Date of Award


Degree Type


Degree Name

Doctor of Philosophy (PhD)

Graduate Group

Cell & Molecular Biology

First Advisor

Daniel J. Rader


Blood lipids are important biomarkers of risk of coronary heart disease (CHD), the leading cause of death in the world. Myriad data support a causal role of low-density lipoprotein cholesterol (LDL-C) in increasing risk of CHD. Long-standing epidemiology suggests that high-density lipoprotein cholesterol (HDL-C) may protect from disease while high triglycerides (TGs) increase CHD risk. However, the causality of HDL-C and TG to CHD remains controversial. New genetic methodologies have allowed a better look into causal pathways underlying relationships between these traits and disease. Using a combination of approaches for interrogating rare genetic variation in humans, we investigated how HDL and TG may relate to CHD. First, through sequencing and exome-wide genotyping of subjects with extremely high HDL-C, we identified the first homozygote for a loss-of-function (LOF) variant in SCARB1, which encodes scavenger receptor class BI (SR-BI), a hepatic receptor for HDL-C. Despite markedly elevated HDL-C, carriers of this variant had an increased risk of CHD. These findings suggest that HDL functionality in driving cholesterol removal through SR-BI (the reverse cholesterol transport hypothesis) is protective from CHD in humans. Next, we functionally examined one of the first novel loci from genome-wide association studies (GWAS) for HDL-C, GALNT2. Through discovery of humans with genetic GALNT2 LOF and additional studies in rodents and nonhuman primates, we showed that GALNT2 LOF lowers HDL-C across mammals. We also identify one physiological mechanism linking GALNT2 to HDL-C through its enzymatic function. Thirdly, we studied the mechanism of protection of the APOC3 A43T variant recently reported to lower TGs and CHD risk from exome sequencing. Studies in human carriers and animal models suggest that A43T accelerates renal clearance of circulating ApoC-III, thus hindering its function in delaying TG-rich lipoprotein turnover. These data establish ApoC-III clearance mechanisms as potential therapeutic targets for TG lowering. Finally, we adapted a targeted sequencing approach to increase discovery of causal rare coding and noncoding variants at candidate loci influencing HDL-C and TGs. Collectively, this work provides a sampling of approaches for leveraging the spectrum of genomic methods to identify clinically relevant variants impacting HDL, TG and CHD risk.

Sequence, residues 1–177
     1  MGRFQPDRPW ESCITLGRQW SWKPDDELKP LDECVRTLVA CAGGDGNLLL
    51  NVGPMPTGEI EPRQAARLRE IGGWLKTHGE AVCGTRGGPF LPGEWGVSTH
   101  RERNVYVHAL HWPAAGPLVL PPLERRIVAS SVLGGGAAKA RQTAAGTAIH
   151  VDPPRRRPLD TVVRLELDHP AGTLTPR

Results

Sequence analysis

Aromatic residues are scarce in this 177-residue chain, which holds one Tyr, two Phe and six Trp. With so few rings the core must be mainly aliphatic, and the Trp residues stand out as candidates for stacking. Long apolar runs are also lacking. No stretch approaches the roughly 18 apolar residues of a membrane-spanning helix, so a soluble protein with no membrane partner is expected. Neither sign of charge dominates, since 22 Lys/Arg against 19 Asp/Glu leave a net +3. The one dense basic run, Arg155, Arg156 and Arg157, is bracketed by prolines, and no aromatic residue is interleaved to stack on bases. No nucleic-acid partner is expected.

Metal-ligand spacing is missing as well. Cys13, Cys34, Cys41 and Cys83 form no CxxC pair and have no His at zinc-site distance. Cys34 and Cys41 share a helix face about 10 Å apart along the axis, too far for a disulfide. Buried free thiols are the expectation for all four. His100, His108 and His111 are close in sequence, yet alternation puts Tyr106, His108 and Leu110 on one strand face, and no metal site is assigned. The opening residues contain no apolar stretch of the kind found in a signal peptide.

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Additional Files

Supplementary_File_1_Final_09-15-16.xlsx (144 kB)